Movie Review ~ Last Days in Vietnam

last-days-in-vietnam-poster

The Facts:

Synopsis: During the chaotic final weeks of the Vietnam War, the North Vietnamese Army closes in on Saigon as the panicked South Vietnamese people desperately attempt to escape. On the ground, American soldiers and diplomats confront the same moral quandary: whether to obey White House orders to evacuate U.S. citizens only–or to risk treason and save the lives of as many South Vietnamese citizens as they can.

Director: Rory Kennedy

Rated: NR

Running Length: 98 minutes

TMMM Score: (7/10)

Review: Though it may seem to some like a horrifying distant memory in this era of the Iraq War and Operation Freedom, the Vietnam War remains a singular event in our history that has provided the basis for countless books, movies, media pieces, testimonials, and documentaries.

The latest entry is Rory Kennedy’s Oscar nominated look into the harrowing final days when much effort was spent on getting Americans out of the line of fire as the North Vietnamese Army blazes a trail into the heart of Saigon. With American men and women that have made a life and have families in the country, the question becomes who gets to be the first to leave and how do they keep their families together when protocol might tear them apart?

Kennedy’s documentary is an action-movie unto itself, seeped in political maneuvering and last minute decisions that cause ripple effects among the crowds that climbed the walls of the U.S. Embassy desperate for a seat on the helicopters that would bring them to safety. For the South Vietnamese, to stay would mean certain death so every angle is explored/exploited in their attempts to flee their fallen city.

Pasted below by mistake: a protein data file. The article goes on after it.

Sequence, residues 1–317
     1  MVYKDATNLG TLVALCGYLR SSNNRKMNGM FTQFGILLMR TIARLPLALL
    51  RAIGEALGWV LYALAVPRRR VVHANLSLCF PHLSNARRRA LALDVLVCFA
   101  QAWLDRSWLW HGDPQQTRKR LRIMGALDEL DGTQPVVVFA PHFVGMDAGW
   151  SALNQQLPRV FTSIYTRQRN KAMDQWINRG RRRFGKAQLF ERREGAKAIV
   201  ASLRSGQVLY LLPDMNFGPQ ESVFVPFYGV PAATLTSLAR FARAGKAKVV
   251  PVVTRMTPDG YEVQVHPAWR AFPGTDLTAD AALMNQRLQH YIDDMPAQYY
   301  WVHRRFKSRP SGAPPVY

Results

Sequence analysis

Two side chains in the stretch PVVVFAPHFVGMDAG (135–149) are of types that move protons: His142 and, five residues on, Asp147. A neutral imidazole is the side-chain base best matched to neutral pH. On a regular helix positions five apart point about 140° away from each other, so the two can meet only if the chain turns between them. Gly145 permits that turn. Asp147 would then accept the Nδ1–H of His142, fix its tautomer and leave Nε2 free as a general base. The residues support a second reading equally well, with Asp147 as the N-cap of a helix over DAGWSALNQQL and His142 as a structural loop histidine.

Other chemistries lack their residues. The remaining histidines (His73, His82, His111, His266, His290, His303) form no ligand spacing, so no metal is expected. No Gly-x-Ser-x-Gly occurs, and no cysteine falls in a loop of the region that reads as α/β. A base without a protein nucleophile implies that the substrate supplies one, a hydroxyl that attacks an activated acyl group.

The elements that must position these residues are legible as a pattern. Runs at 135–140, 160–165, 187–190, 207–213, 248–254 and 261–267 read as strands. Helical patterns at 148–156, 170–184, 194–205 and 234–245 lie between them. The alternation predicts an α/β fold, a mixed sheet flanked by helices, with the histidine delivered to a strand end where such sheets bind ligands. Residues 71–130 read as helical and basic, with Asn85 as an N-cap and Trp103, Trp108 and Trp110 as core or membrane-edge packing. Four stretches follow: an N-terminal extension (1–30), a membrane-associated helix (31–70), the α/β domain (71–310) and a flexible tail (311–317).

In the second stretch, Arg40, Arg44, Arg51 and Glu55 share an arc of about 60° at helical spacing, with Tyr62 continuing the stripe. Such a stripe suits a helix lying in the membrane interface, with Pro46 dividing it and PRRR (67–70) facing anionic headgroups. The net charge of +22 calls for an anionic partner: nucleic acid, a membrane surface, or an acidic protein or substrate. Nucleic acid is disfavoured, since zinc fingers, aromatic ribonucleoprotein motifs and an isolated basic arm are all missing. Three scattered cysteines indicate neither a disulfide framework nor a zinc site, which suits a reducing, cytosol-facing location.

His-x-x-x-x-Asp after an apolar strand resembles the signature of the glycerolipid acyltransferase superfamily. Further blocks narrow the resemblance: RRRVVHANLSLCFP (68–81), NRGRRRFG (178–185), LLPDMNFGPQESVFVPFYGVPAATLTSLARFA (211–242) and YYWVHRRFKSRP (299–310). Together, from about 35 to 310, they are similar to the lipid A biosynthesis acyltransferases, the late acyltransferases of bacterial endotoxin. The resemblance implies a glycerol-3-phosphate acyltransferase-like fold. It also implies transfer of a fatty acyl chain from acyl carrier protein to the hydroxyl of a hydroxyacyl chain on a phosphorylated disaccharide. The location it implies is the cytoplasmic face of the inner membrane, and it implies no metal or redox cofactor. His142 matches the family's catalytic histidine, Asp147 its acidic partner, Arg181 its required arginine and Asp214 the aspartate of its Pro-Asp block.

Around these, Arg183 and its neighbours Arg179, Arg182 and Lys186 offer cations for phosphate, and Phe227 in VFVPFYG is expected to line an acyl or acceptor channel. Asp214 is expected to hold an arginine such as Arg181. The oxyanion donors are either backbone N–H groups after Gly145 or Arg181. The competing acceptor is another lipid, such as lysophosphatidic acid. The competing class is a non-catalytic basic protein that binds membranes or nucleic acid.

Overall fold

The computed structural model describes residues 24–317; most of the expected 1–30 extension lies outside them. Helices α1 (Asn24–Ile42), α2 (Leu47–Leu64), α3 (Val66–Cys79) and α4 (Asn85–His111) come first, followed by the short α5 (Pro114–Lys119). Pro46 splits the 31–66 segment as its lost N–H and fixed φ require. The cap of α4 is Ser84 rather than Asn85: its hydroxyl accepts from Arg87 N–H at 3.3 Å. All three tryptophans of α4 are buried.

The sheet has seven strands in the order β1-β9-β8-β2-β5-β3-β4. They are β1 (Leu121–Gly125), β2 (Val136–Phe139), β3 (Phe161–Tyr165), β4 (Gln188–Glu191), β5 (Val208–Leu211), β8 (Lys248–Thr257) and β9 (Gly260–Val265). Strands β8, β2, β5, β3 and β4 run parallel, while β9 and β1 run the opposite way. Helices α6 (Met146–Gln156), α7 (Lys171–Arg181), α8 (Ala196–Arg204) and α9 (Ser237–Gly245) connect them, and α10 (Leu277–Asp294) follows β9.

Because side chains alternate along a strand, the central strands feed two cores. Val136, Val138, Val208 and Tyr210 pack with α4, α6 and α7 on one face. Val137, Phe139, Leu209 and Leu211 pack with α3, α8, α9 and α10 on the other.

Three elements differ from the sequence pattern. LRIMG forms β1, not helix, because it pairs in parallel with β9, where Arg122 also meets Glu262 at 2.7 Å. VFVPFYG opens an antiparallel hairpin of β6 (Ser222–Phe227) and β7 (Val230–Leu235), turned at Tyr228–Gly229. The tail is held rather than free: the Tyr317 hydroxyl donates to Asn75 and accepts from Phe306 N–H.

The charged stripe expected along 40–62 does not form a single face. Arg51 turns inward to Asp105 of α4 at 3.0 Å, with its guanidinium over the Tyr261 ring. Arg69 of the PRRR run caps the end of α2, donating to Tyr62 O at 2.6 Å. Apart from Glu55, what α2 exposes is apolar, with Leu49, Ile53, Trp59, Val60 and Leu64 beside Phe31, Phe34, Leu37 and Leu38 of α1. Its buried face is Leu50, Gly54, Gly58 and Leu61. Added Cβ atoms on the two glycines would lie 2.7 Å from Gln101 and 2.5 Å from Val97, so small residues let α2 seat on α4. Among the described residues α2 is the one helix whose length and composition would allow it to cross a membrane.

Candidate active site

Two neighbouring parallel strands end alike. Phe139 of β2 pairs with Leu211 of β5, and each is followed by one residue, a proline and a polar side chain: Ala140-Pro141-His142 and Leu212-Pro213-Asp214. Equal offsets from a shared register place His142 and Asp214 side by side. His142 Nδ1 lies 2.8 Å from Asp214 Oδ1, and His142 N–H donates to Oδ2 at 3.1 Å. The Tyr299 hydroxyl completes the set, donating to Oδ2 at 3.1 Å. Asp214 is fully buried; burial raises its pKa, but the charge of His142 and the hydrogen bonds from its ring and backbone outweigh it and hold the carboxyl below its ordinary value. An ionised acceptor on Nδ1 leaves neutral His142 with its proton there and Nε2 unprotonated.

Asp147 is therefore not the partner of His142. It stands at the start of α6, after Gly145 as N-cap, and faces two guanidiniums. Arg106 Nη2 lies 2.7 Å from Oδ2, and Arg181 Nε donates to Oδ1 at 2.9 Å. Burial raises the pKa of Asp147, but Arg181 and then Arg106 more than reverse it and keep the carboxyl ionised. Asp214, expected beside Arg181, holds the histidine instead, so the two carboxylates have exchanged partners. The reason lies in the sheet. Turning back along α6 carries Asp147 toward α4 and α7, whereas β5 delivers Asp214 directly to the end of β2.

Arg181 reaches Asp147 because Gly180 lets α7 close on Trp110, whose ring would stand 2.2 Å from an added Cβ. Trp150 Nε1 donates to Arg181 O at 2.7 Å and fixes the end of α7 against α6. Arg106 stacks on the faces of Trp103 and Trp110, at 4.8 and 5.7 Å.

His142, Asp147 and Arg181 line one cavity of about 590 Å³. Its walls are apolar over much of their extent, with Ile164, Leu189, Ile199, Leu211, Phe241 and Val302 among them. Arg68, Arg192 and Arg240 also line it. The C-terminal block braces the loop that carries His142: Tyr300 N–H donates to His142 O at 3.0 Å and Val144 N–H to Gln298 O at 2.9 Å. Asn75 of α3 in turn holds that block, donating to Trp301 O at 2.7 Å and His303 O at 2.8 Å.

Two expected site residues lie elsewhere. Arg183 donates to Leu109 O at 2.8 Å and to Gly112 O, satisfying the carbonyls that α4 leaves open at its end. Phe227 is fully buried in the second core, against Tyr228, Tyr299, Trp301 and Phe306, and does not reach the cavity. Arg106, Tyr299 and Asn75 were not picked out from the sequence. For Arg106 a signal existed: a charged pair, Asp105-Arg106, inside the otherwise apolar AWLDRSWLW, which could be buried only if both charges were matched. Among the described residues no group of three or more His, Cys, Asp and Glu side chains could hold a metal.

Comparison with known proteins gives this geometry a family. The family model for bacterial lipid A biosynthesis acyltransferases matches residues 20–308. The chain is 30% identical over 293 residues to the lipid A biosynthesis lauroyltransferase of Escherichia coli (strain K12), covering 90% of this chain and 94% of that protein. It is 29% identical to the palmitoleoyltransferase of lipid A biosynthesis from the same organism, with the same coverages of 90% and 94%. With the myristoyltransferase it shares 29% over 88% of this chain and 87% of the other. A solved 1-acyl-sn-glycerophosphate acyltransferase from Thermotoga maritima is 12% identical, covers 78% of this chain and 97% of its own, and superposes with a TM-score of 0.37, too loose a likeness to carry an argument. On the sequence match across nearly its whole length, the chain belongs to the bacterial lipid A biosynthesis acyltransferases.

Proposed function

The first-hand accounts Kennedy has captured here are powerful in their recounting of this period of history and it’s clear that, like the returned soldiers haunted by memories of death and war, these are memories that are blazed into the minds of the interviewees. From top political players to the Vietnamese on the ground, Kennedy’s subjects aren’t presented in “us” or “them” sub-categories but as eye witnesses to the event that forms the center of the documentary: 24 hours of rescue missions recounted in great detail from helicopter pilots in the air and young soldiers doing their duty. These are stories of heroism in a time of conflict, showing that war didn’t fully sever our hearts from our heads.

With war documentaries available in full force to meet any of your historical needs, each new film has to have its purpose and focus to set itself apart from the crowd. With her famous political lineage very much on the mind of the viewer, Kennedy (Bobby and Ethel’s daughter) has a voice that’s clearly heard. Though focused on the last days in Vietnam, the documentary wisely shows how this time period was the start of something new.

Leave a Reply

Fill in your details below or click an icon to log in:

WordPress.com Logo

You are commenting using your WordPress.com account. Log Out / Change )

Twitter picture

You are commenting using your Twitter account. Log Out / Change )

Facebook photo

You are commenting using your Facebook account. Log Out / Change )

Google+ photo

You are commenting using your Google+ account. Log Out / Change )

Connecting to %s